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News

Exciting news: Gravitational Waves detected!
We want to share our excitement about the first-ever direct detection of gravitational waves! The event happened right before the beginning of the first observing run of the advanced LIGO detectors, on 14 September 2015. The waves were generated as two black holes merged into a single black hole about 1.3 billion light years from Earth. In astronomy units this is 410 Mpc, approximately 10% of the way across the visible Universe!

Just as exciting: this is also the first-ever observation of binary black holes. In fact, since black holes are black, and emit no light or electromagnetic radiation, this is the only way we can see them.

Did Einstein@Home play any role in this? No, it didn’t. The signal in the instrument lasted only about 1/4 of a second. It’s not a continuous-wave signal like the type that Einstein@Home has been searching for. But since the observing run ended in mid January, we have been preparing the data to start a new low-frequency all-sky search for continuous gravitational waves. We are now starting to run this on Einstein@Home, so please sign up your computers and disable their sleep mode! In the next months we will extend the frequency range of the continuous waves all-sky searches, target interesting point sources and we are also gearing up to perform broader surveys for binary black hole mergers.

Bruce Allen
Director, Einstein@Home
11 Feb 2016, 16:04:09 UTC · Comment


Public Update on first Advanced LIGO Observing Run
Dear Einstein@Home Volunteers,

Following the completion of the first Advanced LIGO Observing Run, the LIGO Laboratory and LIGO Scientific Collaboration will give a public update on the status and results on Thursday February 11th at 10:30 US Eastern Time.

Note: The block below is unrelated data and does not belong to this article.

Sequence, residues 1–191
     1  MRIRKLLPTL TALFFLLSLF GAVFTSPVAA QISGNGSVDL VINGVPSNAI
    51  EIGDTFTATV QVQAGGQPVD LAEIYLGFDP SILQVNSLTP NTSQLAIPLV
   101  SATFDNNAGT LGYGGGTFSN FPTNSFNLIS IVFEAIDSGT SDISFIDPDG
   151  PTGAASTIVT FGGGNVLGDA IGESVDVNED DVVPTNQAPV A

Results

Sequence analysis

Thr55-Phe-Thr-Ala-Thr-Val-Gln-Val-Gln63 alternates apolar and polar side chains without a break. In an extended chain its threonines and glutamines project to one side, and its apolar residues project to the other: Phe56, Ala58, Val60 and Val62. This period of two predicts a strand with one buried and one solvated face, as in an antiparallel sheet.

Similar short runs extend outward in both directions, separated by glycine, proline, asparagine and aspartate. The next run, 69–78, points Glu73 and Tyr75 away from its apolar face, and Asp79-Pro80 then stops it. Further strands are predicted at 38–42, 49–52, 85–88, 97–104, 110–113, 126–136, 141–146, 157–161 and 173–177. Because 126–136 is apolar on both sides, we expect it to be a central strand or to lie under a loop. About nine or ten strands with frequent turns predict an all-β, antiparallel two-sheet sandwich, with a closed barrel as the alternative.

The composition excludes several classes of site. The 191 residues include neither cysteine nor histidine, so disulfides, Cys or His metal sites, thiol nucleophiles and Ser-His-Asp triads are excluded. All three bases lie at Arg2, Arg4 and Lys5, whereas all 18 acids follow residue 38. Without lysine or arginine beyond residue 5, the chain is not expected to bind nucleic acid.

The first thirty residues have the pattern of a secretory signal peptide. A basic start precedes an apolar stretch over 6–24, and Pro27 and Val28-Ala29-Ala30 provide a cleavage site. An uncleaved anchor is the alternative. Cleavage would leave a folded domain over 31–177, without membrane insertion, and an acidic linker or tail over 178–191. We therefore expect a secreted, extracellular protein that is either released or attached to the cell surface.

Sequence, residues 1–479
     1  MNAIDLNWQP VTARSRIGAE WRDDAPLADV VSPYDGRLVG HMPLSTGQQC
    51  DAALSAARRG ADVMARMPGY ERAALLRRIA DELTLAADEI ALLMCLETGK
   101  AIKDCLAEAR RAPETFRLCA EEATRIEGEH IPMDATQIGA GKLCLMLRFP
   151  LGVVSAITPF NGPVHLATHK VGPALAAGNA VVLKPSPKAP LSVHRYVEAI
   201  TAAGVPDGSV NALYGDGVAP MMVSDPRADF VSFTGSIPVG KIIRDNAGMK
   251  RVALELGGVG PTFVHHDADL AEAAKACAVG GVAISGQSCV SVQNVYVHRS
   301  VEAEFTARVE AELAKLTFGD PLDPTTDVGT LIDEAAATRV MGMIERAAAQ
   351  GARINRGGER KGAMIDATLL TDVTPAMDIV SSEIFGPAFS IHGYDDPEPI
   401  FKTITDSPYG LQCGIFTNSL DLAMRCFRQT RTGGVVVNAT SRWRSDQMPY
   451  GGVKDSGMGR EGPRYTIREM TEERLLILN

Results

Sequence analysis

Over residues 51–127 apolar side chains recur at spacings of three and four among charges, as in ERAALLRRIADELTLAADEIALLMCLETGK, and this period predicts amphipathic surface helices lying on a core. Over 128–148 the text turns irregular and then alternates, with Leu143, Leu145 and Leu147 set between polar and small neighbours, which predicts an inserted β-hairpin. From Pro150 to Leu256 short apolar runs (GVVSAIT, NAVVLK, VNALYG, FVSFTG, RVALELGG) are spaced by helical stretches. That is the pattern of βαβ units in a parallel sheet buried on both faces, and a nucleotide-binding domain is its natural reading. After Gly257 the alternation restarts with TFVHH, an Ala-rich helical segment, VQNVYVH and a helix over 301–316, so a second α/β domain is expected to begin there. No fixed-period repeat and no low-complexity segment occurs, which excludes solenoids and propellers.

Bruce Allen
Director, Einstein@Home
9 Feb 2016, 7:57:14 UTC · Comment


Second Einstein@Home newsletter
Dear Einstein@Home volunteers,

the five-year upgrade of the LIGO detectors has been completed and we are a large step closer to the first direct detection of gravitational waves, which will mark the beginning of a new era of astronomy. As we are writing this newsletter, Advanced LIGO is beginning its first observation run “O1” after an extensive comissioning phase and a series of “engineering runs”. The Einstein@Home team is truly excited and is looking forward to the most sensitive gravitational-wave data ever recorded.

In the first week of September more than 200 gravitational-wave scientists from the LIGO Virgo Scientific Collaboration gathered in Budapest for their fall meeting. Many Einstein@Home team members were present and reported on their ongoing gravitational-wave searches. During the meeting, the seventh issue of the LIGO Magazine was published, featuring a four page article on Einstein@Home. You can read it for free at [1].

Our second newsletter this year features news from the project administration and updates from our three searches for rapidly rotating neutron stars (through gravitational waves, radio waves, and gamma rays). We are very happy to report three new discoveries! One was made in data from NASA's Fermi Gamma-ray Space Telescope, and three were made in data from the Arecibo Radio Telescope. See below for more details on the discoveries.

Note that we are advertising a position for an Einstein@Home computational scientist at UWM in Milwaukee [2]. If you have the required skills and interest, please apply!

(Posted on behalf of) Bruce Allen, Director, Einstein@Home
1 Oct 2015, 5:58:39 UTC · Comment


Work for Einstein@Home at UWM - job advert
Einstein@Home Computational Scientist

The Center for Gravitation, Cosmology and Astrophysics (CGCA) at the University of Wisconsin ­ Milwaukee is looking for a creative and talented individual to join our scientific computing team.

Job advert (PDF)
9 Sep 2015, 10:55:59 UTC · Comment


Einstein@Home in latest LIGO Magazine
The new LIGO magazine is out and it features an article about Einstein@Home. You read a pdf file of the article here. The article was written by M. Alessandra Papa, Benjamin Knispel, Holger Pletsch and Bernd Machenschalk from the Einstein@Home team, looking at the project's history, infrastructure, and different searches.

Do have a look at this and the earlier issues of the LIGO Magazine to learn more about the LIGO gravitational detectors.

Benjamin Knispel, project scientist
2 Sep 2015, 7:01:22 UTC · Comment


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This material is based upon work supported by the National Science Foundation (NSF) under Grants PHY-1104902, PHY-1104617 and PHY-1105572 and by the Max Planck Gesellschaft (MPG). Any opinions, findings, and conclusions or recommendations expressed in this material are those of the investigators and do not necessarily reflect the views of the NSF or the MPG.

Copyright © 2016 Bruce Allen